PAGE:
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iPhone 4, iOS4, Apple Morphology
'An object of rare beauty.'
Stephen Fry has finally come out of the closet. As regards Apple. One of the primordial Maccies, Fry has recently become the counterpart to Walt Mossberg in the UK.
Not that what he writes is wrong or slurred or partial. But his articles in the Guardian are increasingly noticed and his review of Apple's new iPhone 4 is full of nothing but accolades.
Not that it shouldn't either: the device is yet another technological achievement for the Cupertino Lilliputians who continue to 'leapfrog' the competition, as Fry phrases it.
'The iPhone 4 is an object of rare beauty', gushes the eloquent Fry, noting that the handset gives the handler a 'profound feeling of quality and precision', something the crew at Gizmodo should have been already aware of.
'With this device in my hand, I feel that I am holding its designer Jonathan Ive's personal prototype, hand-machined as a proof-of-concept model. Ive is surely one of the most influential and gifted designers Britain has ever produced and the iPhone 4 may well be his masterpiece', Fry declares.
The iPhone 4 comes unlocked in the UK. Fry immediately switched carriers to Orange, evidence he doesn't always have a clue. But 'iPhone 4's star quality is irresistible', he concludes.
It might be another matter for the riffraff who still feel the crunch of the recession and are still paying the 'mortgage' on previous Apple phones - they're sold deceptively cheap because it costs far more to break a carrier contract.
Fry also notes in a blog adjunct that it is the 'intensity of the response' that is fascinating with an Apple release.
Anger at Apple grows simultaneously on other fronts. 'Rotten Apples or Just Sour Grapes?' is the question posed at the NYTimes. The media are increasingly regarding Apple - and Steve Jobs - as 'bullies'. Whether an accurate epithet or not, whether part and parcel of the Tall Poppy Syndrome or not, this has to get the Cupertino spin doctors spinning.
Fortune's Philip Elmer-DeWitt reports analysts are noting that Apple, no longer the industry underdogs, need to tread more carefully. But the reasons for stepping carefully are shameful and grossly misguided - and yet all too typical.
'The Federal Trade Commission has reportedly won the toss and is looking into two possible antitrust issues: Adobe's complaint that Apple doesn't allow Flash on its mobile devices and Google's complaint that Apple restricts AdMob's ability to sell ads within iPhone and iPad apps. Meanwhile, the Department of Justice is still seeking information about Apple's role in the music business, which could lead to a separate antitrust case.'
Apple's iTunes music store helped revolutionise the stagnant music industry. It helped make digital downloads a reality. But downloading music is yesterday's solution. People don't want to own their music - they want to enjoy it. And they want to be able to listen to exactly what they desire and not at any old time but right now. The restrictions of Pandora, a leader in web-based streaming, are a good example of how constricting the music industry is.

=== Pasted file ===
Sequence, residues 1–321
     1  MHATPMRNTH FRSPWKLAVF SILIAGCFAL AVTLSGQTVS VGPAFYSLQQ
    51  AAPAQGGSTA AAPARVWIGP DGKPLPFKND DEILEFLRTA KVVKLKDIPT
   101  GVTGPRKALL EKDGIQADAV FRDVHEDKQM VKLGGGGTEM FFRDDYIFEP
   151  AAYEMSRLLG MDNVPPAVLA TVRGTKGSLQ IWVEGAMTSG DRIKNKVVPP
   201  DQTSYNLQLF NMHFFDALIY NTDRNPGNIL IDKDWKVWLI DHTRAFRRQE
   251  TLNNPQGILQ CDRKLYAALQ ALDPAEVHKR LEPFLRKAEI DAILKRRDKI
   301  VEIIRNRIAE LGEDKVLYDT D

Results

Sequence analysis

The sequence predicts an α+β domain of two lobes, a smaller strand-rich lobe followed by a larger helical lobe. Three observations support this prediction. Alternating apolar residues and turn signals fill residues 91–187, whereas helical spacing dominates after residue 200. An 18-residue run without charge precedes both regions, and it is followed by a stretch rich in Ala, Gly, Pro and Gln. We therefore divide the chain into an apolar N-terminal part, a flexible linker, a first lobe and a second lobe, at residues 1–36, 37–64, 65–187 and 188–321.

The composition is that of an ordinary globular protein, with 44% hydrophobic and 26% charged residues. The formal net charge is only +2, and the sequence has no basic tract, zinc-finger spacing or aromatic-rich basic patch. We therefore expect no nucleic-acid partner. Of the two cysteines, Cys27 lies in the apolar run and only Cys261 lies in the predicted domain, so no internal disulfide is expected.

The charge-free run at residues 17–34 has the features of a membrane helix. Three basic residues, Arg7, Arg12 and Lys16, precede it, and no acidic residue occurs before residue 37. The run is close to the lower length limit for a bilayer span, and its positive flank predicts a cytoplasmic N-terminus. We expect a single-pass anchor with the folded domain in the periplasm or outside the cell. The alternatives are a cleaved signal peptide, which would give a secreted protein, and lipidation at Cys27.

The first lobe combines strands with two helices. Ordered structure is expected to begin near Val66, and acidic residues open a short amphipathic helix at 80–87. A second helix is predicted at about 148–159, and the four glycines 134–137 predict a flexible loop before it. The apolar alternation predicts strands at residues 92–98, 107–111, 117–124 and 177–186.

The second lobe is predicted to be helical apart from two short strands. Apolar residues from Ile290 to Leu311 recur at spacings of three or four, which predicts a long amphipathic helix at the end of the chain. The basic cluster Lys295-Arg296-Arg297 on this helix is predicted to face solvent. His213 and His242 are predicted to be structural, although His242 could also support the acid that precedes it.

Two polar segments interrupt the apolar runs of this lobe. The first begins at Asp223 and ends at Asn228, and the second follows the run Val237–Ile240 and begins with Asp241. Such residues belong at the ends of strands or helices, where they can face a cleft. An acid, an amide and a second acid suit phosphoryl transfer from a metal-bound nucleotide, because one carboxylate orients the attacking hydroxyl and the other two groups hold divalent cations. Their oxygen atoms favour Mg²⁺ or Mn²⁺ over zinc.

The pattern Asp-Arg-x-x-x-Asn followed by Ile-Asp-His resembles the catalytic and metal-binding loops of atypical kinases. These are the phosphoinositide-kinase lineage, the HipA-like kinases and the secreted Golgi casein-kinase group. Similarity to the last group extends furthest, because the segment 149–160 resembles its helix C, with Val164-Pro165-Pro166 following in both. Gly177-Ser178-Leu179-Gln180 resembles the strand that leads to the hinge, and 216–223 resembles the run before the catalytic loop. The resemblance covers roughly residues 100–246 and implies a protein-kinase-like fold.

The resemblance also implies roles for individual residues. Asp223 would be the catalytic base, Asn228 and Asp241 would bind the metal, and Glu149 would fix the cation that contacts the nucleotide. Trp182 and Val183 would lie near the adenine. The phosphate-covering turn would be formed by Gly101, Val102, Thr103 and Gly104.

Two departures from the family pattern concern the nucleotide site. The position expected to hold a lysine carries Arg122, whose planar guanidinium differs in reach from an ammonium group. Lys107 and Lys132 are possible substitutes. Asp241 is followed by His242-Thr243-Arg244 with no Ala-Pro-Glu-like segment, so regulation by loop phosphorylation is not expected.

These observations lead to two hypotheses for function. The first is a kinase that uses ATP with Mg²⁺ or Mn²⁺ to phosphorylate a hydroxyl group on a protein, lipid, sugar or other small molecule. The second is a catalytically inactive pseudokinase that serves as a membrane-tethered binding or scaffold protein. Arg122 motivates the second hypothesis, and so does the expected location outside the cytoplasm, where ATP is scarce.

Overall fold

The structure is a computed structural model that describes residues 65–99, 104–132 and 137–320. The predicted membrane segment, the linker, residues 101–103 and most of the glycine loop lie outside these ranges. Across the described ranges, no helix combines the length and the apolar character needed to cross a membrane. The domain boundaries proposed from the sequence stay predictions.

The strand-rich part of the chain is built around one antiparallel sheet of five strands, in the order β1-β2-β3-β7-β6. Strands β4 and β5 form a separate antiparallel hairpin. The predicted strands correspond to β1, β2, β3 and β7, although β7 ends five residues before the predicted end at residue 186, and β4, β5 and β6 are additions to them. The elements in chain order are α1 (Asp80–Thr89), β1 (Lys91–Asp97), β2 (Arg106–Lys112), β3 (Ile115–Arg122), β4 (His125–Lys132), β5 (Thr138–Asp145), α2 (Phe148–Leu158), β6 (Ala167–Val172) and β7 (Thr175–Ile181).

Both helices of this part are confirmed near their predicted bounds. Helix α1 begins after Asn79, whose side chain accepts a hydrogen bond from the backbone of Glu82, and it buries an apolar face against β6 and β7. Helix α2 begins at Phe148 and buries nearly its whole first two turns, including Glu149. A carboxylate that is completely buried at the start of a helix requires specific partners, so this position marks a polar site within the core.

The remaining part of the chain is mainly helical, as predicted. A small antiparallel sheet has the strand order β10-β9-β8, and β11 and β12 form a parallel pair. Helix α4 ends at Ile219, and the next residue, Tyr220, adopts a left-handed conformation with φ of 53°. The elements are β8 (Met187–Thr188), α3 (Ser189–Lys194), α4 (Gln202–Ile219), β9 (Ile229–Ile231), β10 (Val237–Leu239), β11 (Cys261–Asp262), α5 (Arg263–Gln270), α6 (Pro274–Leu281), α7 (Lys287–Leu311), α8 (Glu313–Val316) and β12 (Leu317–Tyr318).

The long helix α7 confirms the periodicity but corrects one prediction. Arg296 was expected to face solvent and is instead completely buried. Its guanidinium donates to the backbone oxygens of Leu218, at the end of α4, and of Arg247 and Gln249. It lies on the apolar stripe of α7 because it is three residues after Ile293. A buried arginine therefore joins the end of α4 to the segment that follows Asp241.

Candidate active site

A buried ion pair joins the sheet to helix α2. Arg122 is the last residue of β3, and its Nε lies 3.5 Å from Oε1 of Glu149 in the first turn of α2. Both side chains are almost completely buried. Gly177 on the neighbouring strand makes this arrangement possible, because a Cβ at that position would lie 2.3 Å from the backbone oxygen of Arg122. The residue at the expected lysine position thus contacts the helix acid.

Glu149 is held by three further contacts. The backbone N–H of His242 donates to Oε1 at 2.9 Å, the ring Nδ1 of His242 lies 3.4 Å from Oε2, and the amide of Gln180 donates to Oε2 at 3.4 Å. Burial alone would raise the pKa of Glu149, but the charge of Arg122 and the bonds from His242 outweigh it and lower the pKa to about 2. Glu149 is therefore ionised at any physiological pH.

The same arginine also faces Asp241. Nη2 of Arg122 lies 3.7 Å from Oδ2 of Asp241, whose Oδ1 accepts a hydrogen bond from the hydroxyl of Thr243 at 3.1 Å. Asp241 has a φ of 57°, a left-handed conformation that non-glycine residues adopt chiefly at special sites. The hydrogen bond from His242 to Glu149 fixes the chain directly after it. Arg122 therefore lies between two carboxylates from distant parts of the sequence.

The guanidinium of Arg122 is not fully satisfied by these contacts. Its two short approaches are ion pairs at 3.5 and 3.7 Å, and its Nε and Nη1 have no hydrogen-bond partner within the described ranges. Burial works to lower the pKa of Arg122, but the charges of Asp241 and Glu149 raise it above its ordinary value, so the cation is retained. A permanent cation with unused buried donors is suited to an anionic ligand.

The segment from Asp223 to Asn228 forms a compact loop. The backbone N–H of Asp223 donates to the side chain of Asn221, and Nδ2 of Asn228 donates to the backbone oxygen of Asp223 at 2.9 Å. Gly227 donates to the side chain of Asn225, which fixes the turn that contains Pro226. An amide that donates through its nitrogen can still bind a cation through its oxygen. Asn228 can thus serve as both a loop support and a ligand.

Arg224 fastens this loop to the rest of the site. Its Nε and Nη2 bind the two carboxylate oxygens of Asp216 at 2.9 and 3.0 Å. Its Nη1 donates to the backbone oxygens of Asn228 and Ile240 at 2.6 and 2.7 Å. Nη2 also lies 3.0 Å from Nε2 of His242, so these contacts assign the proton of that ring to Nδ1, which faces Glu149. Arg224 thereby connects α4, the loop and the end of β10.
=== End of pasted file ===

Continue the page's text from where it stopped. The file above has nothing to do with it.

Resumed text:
The terms are outright ridiculous. The only way for people to get what they want is through services like Spotify. But Spotify remains hamstrung by the music industry who own a controlling interest gained through nearly no investment, only through giving Daniel Ek's company access to the extensive archives of their cartel.
The music industry still will not let Spotify set up shop in the US - something that was supposed to take place in the autumn last year. Spotify can currently stream music to seven European countries only. That's rather paltry. And the only thing holding Spotify back is the greed-based idiocy of the music industry. They can effectively block any corporate proposals Ek puts on the table.
The investigation into Apple's so-called war with Adobe is ridiculous - almost as ridiculous as the corporation Adobe. Any victory for Adobe, whether comprehensive or partial, is a damaging defeat for the consumer. Adobe have over the years worked on an increasingly hostile attitude towards the market and their most loyal customers.
It's only recently Adobe have been dragged kicking and screaming into the world of Cocoa development on the Apple platforms, an extraordinarily easy transition most third party companies made over ten years ago. Adobe dissembled for years about the true nature of their software for Mac OS X, calling it 'Carbon' when it was anything but - when it was the even more archaic PEF.
One has to seriously wonder what programmers at Adobe are tasked with and why. There are certainly no groundbreaking changes in their flagship products, Flash for Mac OS X is just as abysmal as always, licensing agreements get more draconian all the time with upgrades forced on customers not because Adobe release new features customers want but because Adobe don't update their software for revisions in OS X, revisions other software companies effect with no whinging.
To say Adobe are stagnant and repressive would be too kind.
Nor is there much credence to the Google complaint.
But there is something to be said about the App Store. This software store places software distribution in a sorry place, constricting developers, breaking the bond of confidence between them and their clients, and as it's technologically based on a security model that can only be described as 'up the butt batshit insane', it's become something to truly be scared of - and scared for where it can take us all.
Fortune: Apple needs to cool its rhetoric
NYTimes: Apple's Success Brings Scrutiny and Rivals' Envy
Guardian: Apple iPhone 4: an object of rare beauty that leapfrogs the competition